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does a Turbo Charge decrease the life of an engine? - Page 3

post #31 of 39


 

Quote:
Originally Posted by rhythmdevils View Post




Can you say more?  That seems to go against what a lot of people are saying. 

 

My friend made a good point.  He had an Eagle Talon and said that at freeway speeds of 70mph, it ran at around 4000rpm.  Many non turbo engines would be running at 2000rpm at the same speed.  So if you look at engine life in terms of number of fires, that's half the lifespan.  But I'm not sure all turbo'd engines run that fast.


Turbochargers, Supercharges, and Nitrous all create higher cylinder pressures. This DOES reduce engine life ... PERIOD.

 

Turbos and Superchargers make more heat, and heat reduces an engine's life ... PERIOD.

post #32 of 39
Quote:
Originally Posted by downsize View Post


 


Turbochargers, Supercharges, and Nitrous all create higher cylinder pressures. This DOES reduce engine life ... PERIOD.

 

Turbos and Superchargers make more heat, and heat reduces an engine's life ... PERIOD.

 

Heat can be largely dealt with if you have a proper intercooler. Sure, an engine may last some unspecified amount of time less with forced induction, but the question is whether that amount of time is appreciable and whether it matters to the driver. If an engine that can go to 400k miles only lasts to 300k because of a turbo, that's no big deal- almost nobody drives a car that long. The bottom line is that most factory forced induction cars have motors that almost always last longer than most people care to own the car. 

 

Yes, if you want to run 40psi through your stock civic motor, it won't last too long- but that's not what we are talking about here. 
 

post #33 of 39
Quote:
Originally Posted by nealric View Post



 

Heat can be largely dealt with if you have a proper intercooler. Sure, an engine may last some unspecified amount of time less with forced induction, but the question is whether that amount of time is appreciable and whether it matters to the driver. If an engine that can go to 400k miles only lasts to 300k because of a turbo, that's no big deal- almost nobody drives a car that long. The bottom line is that most factory forced induction cars have motors that almost always last longer than most people care to own the car.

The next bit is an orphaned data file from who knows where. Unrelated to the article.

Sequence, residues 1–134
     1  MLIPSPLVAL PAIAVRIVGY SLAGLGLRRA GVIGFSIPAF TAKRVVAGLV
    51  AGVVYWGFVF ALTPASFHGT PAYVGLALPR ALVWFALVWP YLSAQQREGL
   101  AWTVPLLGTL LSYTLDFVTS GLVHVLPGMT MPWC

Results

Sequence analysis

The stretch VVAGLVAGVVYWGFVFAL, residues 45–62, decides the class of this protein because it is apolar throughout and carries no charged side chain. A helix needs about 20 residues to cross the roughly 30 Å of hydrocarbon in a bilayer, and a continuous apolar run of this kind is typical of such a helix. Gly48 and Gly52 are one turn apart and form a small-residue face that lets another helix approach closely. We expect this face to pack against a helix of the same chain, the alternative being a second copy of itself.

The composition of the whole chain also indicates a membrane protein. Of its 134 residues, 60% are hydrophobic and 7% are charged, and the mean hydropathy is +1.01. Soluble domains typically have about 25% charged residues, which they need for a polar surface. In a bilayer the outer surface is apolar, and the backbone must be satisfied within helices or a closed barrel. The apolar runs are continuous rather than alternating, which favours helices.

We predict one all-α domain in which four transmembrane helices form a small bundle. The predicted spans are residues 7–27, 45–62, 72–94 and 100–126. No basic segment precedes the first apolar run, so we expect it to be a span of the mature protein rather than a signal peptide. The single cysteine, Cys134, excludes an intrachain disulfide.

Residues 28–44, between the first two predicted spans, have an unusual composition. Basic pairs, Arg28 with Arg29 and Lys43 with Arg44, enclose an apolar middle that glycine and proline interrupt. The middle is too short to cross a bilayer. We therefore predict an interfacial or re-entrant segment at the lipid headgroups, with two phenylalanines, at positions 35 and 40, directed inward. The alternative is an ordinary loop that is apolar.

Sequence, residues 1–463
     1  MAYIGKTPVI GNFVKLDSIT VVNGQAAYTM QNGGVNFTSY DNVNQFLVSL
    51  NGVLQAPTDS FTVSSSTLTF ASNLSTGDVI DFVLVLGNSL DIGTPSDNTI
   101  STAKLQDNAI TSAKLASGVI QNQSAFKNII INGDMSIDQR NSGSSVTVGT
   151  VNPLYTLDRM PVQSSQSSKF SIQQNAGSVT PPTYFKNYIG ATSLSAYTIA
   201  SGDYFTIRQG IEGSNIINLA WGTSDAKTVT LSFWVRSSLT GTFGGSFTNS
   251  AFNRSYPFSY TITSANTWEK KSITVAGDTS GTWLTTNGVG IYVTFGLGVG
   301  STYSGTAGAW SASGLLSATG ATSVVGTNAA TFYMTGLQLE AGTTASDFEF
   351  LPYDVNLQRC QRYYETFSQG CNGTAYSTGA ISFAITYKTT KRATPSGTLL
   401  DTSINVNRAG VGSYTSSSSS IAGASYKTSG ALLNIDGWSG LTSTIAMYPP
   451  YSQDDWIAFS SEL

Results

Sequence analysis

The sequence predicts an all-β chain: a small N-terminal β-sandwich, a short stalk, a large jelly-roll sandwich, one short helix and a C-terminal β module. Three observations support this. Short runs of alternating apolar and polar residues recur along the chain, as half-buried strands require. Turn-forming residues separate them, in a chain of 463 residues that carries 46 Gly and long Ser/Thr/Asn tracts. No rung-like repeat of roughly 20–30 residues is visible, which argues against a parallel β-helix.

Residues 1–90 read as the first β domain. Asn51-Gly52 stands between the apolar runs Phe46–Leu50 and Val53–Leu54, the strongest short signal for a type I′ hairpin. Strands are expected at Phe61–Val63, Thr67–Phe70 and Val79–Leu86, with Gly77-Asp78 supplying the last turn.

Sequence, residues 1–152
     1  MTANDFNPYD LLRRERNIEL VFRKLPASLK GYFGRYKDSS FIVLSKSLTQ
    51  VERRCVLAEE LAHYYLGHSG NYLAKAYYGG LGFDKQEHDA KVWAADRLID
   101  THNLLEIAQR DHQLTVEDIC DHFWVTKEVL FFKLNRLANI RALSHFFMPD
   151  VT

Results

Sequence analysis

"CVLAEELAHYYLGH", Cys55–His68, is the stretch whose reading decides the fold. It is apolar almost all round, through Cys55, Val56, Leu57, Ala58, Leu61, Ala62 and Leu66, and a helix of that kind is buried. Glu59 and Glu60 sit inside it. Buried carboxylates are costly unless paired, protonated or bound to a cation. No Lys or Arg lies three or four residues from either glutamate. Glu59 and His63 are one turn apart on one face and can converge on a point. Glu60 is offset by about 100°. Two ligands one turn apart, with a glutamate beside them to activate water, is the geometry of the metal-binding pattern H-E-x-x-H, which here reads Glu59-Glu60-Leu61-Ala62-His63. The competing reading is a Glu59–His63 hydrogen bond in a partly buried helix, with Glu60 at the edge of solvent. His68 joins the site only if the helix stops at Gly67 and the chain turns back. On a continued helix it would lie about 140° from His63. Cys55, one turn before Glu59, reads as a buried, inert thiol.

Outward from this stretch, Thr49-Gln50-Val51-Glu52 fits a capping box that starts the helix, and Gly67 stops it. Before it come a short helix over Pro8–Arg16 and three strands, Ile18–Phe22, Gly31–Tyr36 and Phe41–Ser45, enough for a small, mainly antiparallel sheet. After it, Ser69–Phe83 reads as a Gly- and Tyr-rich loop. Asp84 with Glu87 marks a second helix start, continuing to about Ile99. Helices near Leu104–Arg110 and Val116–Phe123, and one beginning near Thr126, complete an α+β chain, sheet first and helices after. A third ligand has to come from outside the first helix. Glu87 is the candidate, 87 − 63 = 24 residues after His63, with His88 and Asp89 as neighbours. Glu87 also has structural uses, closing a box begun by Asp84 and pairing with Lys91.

Yes, if you want to run 40psi through your stock civic motor, it won't last too long- but that's not what we are talking about here. 
 

 

 

Indeed. Pressure built by turbo on efficiency aimed engine is very small, the stress it adds to the engine is rather minimal. Situations where we are compressing tons of air to cylinders aiming for insane peak powers is rather different than just merely putting otherwise wasted exhaust energy to good use.

post #34 of 39
Quote:
Originally Posted by rhythmdevils View Post

 

My friend made a good point.  He had an Eagle Talon and said that at freeway speeds of 70mph, it ran at around 4000rpm.  Many non turbo engines would be running at 2000rpm at the same speed.  So if you look at engine life in terms of number of fires, that's half the lifespan.  But I'm not sure all turbo'd engines run that fast.


Gearing issue, not a turbo issue.
 

Quote:
Originally Posted by nealric View Post

Heat can be largely dealt with if you have a proper intercooler. Sure, an engine may last some unspecified amount of time less with forced induction, but the question is whether that amount of time is appreciable and whether it matters to the driver.
 


An intercooler reduces the temperature of intake air to increase intake air charge density. Higher air density means that you can dump more fuel into the cylinder to create more power. It doesn't do anything to reduce engine or underhood temperatures, both of which are much higher on a turbocharged engine than its naturally aspirated counterpart.

 

Even though factory engines are designed to take the additional stress, there's still an increase in the number of catastrophic failure modes. More heat under the hood means more things to can go wrong faster, plus the various turbo specific failure modes. Yay for broken oil return tubes and cracked ringlands.

 

Quote:
Originally Posted by MaZa View Post

Indeed. Pressure built by turbo on efficiency aimed engine is very small, the stress it adds to the engine is rather minimal. Situations where we are compressing tons of air to cylinders aiming for insane peak powers is rather different than just merely putting otherwise wasted exhaust energy to good use.


It's a bit more than an efficiency boost on Subaru's turbocharged 2.5l flat 4's. It's anywhere from a 33-85% increase in output depending on the turbocharger and tune used. As with most hot hatch engines, the use of a turbocharger is a packaging compromise. There isn't enough room to fit a larger and more powerful engine in the engine bay of an economy car, so a turbocharger is used to make up the difference.